In Quiet Desperation!


“Most men lead lives of quiet desperation and go to the grave with the song still in them.”

(Henry David Thoreau)

Almost all of us have had a time in our life when we have felt, well…desperate! And who hasn’t felt a time when that desperation hasn’t been in the quiet of our own minds. Knowing that others experience similar feelings can serve as an encouragement to each of us that life holds moments of great joy, and also moments of great sorrow for all. Yet, when those ‘moments’ of quiet desperation turn to months and months to years, one could be left to lament that their ‘song’ of joy has been left on a permanent ‘mute’ mode.

In those ‘desperate’ times in my life, surprisingly I have taken comfort in a statement of the Lord spoken to Adam upon his expulsion from the garden.

“…cursed is the ground for thy sake; in sorrow shalt thou eat of it all the days of thy life…In the sweat of thy face, shall thy eat bread, till thou return unto the ground; for out of it thou wast taken: for dust thou art: and unto dust thou shalt return. “ (Gen. 3:17, 19)

The reason I have taken comfort in this scripture is that it gives me assurance that this life, with all of its thorns and thistles, has a purpose and that God designed this world as a testing ground.  It gives me confidence that what I have to gain from my earthly life is worth it in the end because I can ‘become’ like Him who I worship if I am faithful. God himself said:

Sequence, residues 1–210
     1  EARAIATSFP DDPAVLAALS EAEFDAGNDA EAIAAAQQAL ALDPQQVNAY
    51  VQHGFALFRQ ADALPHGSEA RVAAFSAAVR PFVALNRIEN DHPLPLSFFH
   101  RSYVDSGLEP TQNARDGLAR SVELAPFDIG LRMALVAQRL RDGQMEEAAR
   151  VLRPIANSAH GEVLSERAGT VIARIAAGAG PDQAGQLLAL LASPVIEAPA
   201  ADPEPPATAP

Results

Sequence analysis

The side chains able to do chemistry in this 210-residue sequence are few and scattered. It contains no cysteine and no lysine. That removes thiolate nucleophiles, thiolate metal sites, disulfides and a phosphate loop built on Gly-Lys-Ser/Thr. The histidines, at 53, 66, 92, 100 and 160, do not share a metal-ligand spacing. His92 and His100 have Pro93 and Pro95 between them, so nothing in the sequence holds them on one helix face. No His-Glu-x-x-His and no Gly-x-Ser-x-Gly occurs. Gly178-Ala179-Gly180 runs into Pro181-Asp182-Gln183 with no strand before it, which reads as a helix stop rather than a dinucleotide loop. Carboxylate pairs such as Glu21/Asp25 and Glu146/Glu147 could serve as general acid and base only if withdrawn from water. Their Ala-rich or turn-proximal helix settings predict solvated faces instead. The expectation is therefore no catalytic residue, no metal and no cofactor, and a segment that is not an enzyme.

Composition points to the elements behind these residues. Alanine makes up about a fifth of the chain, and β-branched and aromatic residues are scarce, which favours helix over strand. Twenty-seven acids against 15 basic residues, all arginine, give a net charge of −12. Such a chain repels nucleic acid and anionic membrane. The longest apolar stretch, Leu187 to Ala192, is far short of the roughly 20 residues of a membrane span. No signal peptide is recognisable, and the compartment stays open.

“Behold, the man is become as one of us to know good and evil.” (Gen. 3:22)

Leading a life of quiet desperation should never be if we understand the purpose of this earthly life. In those quiet dark moments, that we all experience, or will experience, the ray of the gospel ‘Son’ can bring light to our souls and we can take comfort in knowing who is in charge. We can know that our lives are full of purpose and that this life is a testing ground on how to become like Him.  Indeed, God’s glory is to bring to past the immortality and eternal life of man. (Moses 1:39)

So let  out that song that, as Thoreau claims,  is ‘still in us!’ Let us sing praises to our Creator, our Master and our Father! In so doing, our melody of praise will not only drive out the ‘desperation’ we feel, but it will also bless the lives of  others who so desperately need to hear our song.


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